Frank Mugisha, the director of Sexual Minorities Uganda, a gay rights group, said anti-gay sentiment in Uganda has increased since the bill’s introduction. More gays are being harassed, he said, because of media attention and because church leaders have been preaching for the bill’s passage to congregations.
Bahati’s original bill carried harsh provisions. The original bill would mandate a death sentence for active homosexuals living with HIV or in cases of same-sex rape. “Serial offenders” also could face capital punishment, but the legislation did not define the term. Anyone convicted of a homosexual act would face life imprisonment.
Anyone who “aids, abets, counsels or procures another to engage of acts of homosexuality” would face seven years in prison. Landlords who rent rooms or homes to homosexuals also could get seven years.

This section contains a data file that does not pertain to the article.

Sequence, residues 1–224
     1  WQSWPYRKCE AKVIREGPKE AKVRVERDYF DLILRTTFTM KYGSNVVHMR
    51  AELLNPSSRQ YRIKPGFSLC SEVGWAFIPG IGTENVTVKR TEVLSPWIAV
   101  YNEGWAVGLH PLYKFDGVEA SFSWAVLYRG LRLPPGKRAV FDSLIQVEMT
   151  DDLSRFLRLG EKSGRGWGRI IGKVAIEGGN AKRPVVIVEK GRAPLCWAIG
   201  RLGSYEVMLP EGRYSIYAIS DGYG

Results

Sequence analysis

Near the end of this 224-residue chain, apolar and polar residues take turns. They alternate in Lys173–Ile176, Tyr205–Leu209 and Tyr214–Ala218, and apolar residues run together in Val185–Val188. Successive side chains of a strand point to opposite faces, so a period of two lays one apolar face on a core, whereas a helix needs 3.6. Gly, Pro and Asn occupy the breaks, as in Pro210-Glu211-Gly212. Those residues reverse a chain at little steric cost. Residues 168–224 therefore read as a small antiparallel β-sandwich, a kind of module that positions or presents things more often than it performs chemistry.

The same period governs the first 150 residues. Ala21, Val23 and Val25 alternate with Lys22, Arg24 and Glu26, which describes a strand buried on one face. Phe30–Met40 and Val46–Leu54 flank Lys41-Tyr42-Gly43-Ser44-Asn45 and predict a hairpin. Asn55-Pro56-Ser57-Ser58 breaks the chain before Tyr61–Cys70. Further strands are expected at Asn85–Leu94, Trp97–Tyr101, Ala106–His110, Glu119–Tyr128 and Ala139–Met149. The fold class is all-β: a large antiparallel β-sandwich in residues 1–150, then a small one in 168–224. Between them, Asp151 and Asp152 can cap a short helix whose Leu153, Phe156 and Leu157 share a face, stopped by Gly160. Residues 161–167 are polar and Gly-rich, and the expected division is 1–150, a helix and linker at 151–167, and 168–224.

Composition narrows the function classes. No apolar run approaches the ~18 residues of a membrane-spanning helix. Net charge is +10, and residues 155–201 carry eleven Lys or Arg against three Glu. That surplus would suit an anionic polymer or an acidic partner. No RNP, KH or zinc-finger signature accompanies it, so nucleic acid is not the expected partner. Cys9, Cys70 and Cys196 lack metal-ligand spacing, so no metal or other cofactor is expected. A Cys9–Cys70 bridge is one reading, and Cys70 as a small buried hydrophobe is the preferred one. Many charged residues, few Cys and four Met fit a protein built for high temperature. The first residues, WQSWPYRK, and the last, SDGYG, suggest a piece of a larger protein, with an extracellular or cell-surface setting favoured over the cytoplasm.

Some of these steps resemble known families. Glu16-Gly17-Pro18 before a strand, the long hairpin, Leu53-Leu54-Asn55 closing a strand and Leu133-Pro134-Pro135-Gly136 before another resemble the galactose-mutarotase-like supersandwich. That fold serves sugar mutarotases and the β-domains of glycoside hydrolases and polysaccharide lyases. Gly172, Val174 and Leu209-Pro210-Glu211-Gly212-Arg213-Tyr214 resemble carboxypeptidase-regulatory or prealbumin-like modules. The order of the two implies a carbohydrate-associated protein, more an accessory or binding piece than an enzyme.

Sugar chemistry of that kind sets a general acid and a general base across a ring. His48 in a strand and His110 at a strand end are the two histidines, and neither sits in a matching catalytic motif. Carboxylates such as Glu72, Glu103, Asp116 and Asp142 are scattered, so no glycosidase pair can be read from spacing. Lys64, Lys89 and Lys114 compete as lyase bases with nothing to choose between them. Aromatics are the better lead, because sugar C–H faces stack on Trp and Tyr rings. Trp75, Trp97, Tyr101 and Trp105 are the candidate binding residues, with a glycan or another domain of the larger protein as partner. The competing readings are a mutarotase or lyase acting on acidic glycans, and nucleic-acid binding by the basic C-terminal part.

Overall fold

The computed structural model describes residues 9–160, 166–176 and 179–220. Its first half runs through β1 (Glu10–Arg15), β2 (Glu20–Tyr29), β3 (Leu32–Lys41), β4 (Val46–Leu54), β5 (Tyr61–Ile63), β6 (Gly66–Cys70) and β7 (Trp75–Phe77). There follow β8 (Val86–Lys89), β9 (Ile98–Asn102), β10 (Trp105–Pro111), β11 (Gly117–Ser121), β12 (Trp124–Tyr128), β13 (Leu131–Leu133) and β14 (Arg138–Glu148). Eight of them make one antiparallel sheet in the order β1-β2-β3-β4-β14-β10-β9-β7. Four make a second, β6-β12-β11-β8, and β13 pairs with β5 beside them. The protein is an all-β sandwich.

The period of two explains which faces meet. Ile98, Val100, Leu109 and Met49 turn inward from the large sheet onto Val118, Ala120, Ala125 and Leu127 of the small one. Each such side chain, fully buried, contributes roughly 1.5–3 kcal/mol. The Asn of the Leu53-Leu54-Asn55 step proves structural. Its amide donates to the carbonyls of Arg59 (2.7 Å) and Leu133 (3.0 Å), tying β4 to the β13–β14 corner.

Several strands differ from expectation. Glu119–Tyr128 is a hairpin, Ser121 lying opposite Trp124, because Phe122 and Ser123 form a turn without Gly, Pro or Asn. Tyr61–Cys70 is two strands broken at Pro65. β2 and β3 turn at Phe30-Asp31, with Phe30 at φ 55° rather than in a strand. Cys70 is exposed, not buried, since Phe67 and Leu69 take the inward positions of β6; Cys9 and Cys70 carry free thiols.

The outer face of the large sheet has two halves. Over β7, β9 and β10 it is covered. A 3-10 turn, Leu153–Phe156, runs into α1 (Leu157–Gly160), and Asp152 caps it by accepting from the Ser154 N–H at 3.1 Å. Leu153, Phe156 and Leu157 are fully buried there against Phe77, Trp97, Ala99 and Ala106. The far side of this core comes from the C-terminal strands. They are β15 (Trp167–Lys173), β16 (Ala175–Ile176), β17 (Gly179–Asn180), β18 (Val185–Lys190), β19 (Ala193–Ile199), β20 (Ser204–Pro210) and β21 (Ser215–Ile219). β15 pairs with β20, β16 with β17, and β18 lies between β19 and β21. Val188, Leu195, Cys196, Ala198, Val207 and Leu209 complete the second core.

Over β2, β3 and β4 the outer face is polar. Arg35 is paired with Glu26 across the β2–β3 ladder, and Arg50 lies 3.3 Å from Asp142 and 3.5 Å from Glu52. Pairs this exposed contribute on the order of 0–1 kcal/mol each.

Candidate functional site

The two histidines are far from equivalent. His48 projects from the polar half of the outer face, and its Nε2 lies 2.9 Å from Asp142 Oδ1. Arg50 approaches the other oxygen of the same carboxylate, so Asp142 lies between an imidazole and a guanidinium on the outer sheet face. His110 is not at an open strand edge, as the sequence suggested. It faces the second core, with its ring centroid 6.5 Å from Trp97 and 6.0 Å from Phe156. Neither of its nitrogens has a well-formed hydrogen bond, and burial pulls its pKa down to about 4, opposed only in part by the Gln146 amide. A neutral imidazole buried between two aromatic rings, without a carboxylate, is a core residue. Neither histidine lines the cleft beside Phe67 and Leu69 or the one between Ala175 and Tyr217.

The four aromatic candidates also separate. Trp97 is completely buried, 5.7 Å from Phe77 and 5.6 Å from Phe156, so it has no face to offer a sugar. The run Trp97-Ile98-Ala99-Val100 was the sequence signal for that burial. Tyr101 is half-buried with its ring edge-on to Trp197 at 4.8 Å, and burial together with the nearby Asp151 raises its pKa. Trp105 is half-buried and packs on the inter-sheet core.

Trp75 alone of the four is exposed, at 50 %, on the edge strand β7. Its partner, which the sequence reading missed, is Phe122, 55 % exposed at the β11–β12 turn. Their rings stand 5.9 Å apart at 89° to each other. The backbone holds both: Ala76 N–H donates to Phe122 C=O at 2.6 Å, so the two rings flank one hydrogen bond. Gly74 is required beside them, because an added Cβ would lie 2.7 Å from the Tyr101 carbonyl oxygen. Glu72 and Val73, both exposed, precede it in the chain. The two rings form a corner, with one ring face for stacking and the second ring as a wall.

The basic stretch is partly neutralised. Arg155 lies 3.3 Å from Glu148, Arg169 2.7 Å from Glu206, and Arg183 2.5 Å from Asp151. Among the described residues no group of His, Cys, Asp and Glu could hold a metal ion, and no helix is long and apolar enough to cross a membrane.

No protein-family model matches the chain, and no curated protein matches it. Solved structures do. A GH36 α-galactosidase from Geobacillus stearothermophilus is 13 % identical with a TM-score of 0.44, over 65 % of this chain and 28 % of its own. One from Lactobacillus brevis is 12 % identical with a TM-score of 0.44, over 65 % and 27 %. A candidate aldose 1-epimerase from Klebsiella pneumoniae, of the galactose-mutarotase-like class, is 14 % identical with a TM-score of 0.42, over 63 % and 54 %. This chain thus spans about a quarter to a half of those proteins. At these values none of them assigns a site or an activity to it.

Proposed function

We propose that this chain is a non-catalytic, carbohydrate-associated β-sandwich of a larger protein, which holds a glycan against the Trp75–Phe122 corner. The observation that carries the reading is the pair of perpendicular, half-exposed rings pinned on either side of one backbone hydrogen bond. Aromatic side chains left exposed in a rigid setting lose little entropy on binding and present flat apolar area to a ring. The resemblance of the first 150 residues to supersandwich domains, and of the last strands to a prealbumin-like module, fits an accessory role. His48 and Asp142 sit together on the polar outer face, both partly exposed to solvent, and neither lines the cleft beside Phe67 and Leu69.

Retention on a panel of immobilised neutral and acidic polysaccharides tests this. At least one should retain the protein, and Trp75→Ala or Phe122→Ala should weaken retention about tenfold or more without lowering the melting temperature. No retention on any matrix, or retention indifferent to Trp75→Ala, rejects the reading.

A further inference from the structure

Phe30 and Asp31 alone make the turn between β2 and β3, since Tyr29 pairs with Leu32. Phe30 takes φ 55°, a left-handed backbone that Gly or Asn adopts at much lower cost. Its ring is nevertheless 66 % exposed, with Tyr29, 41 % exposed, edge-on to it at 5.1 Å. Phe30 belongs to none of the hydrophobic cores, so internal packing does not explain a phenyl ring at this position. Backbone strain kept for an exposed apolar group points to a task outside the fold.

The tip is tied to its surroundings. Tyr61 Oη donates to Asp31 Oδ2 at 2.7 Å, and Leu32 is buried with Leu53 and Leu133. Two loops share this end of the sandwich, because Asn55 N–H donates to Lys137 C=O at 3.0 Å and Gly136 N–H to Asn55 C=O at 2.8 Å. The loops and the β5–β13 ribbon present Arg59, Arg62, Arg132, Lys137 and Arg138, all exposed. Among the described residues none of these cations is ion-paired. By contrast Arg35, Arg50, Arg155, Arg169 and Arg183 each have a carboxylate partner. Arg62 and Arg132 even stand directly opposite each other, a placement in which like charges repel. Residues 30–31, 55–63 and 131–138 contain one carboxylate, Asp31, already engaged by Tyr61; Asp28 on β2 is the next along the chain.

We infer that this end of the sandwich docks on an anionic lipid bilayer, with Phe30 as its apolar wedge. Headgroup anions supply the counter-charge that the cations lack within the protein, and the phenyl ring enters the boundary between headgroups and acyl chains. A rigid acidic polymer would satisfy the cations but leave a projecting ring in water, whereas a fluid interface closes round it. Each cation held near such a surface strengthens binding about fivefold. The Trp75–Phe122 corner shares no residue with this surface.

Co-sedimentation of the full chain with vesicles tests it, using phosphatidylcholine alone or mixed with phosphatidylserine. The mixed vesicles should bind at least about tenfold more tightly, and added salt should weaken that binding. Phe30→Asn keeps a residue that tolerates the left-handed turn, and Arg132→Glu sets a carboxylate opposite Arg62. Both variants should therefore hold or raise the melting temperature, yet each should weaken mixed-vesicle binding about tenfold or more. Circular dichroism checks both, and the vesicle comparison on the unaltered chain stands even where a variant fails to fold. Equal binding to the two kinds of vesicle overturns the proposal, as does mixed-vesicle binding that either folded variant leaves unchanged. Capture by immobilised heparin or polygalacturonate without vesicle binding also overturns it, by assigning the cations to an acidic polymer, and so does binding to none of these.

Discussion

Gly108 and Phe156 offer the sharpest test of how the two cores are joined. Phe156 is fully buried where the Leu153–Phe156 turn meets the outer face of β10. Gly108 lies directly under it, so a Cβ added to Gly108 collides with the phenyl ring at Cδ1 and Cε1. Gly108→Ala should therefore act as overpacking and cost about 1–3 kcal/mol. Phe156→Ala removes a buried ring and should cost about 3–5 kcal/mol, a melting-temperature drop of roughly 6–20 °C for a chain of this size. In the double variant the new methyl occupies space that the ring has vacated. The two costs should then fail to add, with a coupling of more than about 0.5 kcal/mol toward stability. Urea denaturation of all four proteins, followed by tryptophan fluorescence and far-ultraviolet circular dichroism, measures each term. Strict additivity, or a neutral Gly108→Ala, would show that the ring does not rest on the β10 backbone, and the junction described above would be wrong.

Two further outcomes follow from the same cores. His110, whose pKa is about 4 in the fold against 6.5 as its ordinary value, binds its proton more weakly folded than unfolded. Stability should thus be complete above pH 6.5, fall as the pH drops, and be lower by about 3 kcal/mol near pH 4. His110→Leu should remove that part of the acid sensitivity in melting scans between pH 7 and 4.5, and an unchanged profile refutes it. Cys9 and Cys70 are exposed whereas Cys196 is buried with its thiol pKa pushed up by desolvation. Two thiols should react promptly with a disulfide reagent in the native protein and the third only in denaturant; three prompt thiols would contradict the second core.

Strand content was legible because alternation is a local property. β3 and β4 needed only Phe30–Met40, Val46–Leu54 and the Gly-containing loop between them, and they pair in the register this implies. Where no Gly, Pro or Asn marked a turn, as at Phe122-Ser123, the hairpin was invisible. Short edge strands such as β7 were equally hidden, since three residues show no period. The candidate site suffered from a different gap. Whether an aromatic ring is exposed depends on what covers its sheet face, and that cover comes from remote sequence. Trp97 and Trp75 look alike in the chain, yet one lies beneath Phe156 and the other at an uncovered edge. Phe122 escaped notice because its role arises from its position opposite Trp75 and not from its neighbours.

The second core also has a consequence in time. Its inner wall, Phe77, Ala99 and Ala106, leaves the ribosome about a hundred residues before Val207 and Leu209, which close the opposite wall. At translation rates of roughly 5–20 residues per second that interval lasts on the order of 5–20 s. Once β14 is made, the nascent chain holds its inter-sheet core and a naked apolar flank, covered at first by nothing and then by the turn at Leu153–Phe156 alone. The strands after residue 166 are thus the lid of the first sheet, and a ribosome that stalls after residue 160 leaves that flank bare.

“If the bill passes we cannot even be allowed to do our work,” Mugisha said.
The fallout continues over the late Dr. Manning Marable’s controversial autobiography of Malcolm X. The controversy in question is a comparatively small section of the book in question, “Malcolm X: A Life of Reinvention” that speculates the late Civil Rights icon may have been “gay for pay” back in his hustler days. Malcolm’s daughter, IIaysah Shabazz, recently spoke to NPR’s Michele Martin on “Tell Me More”, and the discussion went from tense to downright hostile after several questions about the allegations.
A new documentary explores the often touchy issue through a focus on Byron Rushing, a straight African-American politician from Massachusetts who made marriage equality a priority before it became a national movement.
Historically black colleges to convene on LGBT issues. Facilitating Campus Climates of Pluralism, Inclusivity & Progressive Change at HBCUs” opens with Beverly Daniel Tatum, Spelman’s president, and state Rep. Simone Bell, the first openly lesbian African American elected to a state legislature.